Failure to Supervise

Brokerage firms are required to establish policies and procedures designed to comply with FINRA sales practice rules and regulations. The supervisory responsibilities include the development of systems for monitoring compliance of financial advisors with these sales practice rules and regulations: The failure to supervise the following activities of financial advisors is a FINRA sales practice violation. Brokerage firms are required to supervise and monitor:

  • Pre-hire screening, including prior customer complaints;
  • Outside activities, selling away transactions;
  • Communications, including advertising;
  • E-mails, websites and social media;
  • Account opening process, including holdings received;
  • Account activity, including churning/excessive trading
    & margin calls;
  • Account holdings by type, issuer & sector;
  • Account performance; and
  • Any customer complaints.

FINRA sales practice rules and regulations require that brokerage firms maintain supervisory procedures to safeguard against the complete dissipation of a client's net worth. The computerized supervisory systems are designed to generate compliance supervisory exception reports to detect significant declines in the brokerage account values.

Branch Manager - Front Line of Investor Protection

The branch manager is the front line of investor protection. Customers should have access to the branch manager to voice any concerns they have about the handling of their brokerage account. Many financial advisors do not encourage an "open door" approach between their customers and the branch office manager. There is a reluctance to involve supervisory oversight of activities in customer accounts over concerns of perception and potential loss of prestige in the customer's eye. This point of view is not consistent with the best interest of customers who want to know that the brokerage firm personnel can work as a team to provide effective management of their accounts. Direct communication with the branch manager should be encouraged if a customer has questions or concerns that are not addressed.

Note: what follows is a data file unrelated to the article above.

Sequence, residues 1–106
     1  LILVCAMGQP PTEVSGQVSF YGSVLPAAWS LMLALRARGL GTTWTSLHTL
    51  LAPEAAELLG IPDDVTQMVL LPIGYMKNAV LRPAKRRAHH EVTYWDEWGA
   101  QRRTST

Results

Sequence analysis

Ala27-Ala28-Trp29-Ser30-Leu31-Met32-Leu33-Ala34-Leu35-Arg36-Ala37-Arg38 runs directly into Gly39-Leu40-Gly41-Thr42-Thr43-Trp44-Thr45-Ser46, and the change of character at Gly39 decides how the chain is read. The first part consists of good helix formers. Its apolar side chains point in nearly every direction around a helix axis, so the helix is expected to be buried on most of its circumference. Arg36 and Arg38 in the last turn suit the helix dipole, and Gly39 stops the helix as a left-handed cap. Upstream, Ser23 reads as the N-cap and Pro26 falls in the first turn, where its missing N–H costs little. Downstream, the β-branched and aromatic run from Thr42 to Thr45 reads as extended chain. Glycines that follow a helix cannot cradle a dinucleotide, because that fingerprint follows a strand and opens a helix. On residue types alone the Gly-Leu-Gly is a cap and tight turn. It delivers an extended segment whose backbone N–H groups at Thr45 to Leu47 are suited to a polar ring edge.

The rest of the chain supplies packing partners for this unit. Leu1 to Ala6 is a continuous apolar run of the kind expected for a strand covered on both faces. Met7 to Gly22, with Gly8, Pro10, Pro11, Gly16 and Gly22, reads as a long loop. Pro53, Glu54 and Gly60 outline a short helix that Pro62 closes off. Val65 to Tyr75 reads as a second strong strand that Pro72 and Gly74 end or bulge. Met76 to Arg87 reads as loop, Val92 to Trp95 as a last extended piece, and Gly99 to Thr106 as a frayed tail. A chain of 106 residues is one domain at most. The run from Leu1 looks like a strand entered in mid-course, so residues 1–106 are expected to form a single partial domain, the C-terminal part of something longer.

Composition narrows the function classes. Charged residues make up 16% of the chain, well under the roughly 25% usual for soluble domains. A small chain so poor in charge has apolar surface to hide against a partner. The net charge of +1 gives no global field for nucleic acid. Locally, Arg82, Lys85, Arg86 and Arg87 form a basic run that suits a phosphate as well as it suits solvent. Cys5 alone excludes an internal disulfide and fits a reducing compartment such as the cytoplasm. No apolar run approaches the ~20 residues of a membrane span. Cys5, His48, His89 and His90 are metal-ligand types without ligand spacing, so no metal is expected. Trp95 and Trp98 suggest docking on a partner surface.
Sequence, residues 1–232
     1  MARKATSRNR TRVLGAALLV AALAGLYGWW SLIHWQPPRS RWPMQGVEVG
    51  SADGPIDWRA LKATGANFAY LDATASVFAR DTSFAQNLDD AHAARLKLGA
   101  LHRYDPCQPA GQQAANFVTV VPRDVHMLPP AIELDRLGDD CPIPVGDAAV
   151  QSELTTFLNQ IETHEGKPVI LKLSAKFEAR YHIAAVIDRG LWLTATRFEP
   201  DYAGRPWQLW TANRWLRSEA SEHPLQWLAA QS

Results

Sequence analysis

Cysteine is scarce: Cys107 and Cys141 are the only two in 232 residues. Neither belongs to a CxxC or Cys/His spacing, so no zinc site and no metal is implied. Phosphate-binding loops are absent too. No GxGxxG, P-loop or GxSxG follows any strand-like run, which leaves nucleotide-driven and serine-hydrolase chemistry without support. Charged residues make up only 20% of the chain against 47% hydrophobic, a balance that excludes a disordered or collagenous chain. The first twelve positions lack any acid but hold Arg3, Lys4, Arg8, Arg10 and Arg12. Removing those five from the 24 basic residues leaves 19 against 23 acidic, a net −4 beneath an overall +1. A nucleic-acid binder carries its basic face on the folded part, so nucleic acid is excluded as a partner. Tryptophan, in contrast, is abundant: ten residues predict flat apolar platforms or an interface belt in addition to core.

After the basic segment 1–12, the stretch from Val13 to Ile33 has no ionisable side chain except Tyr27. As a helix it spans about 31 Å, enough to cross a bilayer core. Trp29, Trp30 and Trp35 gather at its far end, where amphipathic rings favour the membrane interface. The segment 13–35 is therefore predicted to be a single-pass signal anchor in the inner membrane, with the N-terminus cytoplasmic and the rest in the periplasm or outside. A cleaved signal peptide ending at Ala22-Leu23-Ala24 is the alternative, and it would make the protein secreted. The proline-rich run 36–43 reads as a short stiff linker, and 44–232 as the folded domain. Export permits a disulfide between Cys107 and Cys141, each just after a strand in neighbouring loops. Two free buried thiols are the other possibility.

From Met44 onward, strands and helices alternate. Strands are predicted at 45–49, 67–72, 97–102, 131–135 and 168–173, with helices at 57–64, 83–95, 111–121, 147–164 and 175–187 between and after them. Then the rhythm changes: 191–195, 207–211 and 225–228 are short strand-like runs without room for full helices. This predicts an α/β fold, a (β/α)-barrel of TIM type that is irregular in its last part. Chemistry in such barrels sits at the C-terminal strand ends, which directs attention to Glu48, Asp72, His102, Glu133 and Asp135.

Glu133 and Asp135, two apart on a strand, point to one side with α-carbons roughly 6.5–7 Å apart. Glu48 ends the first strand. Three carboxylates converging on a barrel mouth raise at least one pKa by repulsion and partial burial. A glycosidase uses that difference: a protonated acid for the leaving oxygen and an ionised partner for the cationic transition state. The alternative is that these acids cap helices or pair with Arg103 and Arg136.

The supervisory procedures require branch office managers to follow procedures concerning the handling of the exception reports, which are triggered on a monthly basis for any customer account that suffered a certain level of decline. The exception report parameters include account value declines in percentage terms and/or absolute dollars terms on a monthly basis. The branch manager obligations require an investigation as to the factors that caused the decline. The procedures required include contact with the financial advisor, direct contact with the clients through use of compliance approved letters, and direct verbal communication with the clients to determine whether the client understands the risks associated with a particular investment or investment strategy.

If you suffered disproportionate losses in relation to stated investment objectives and risk tolerance and you had no direct contact from the branch manager, there might have been a failure to supervise your account. You are probably asking yourself whether you have a legitimate claim for damages. You are not sure whether a failure to supervise you financial advisor was the direct cause of your losses. To consider whether you are the victim of a supervisory failure, consider the following FAQs.

Frequently Asked Questions: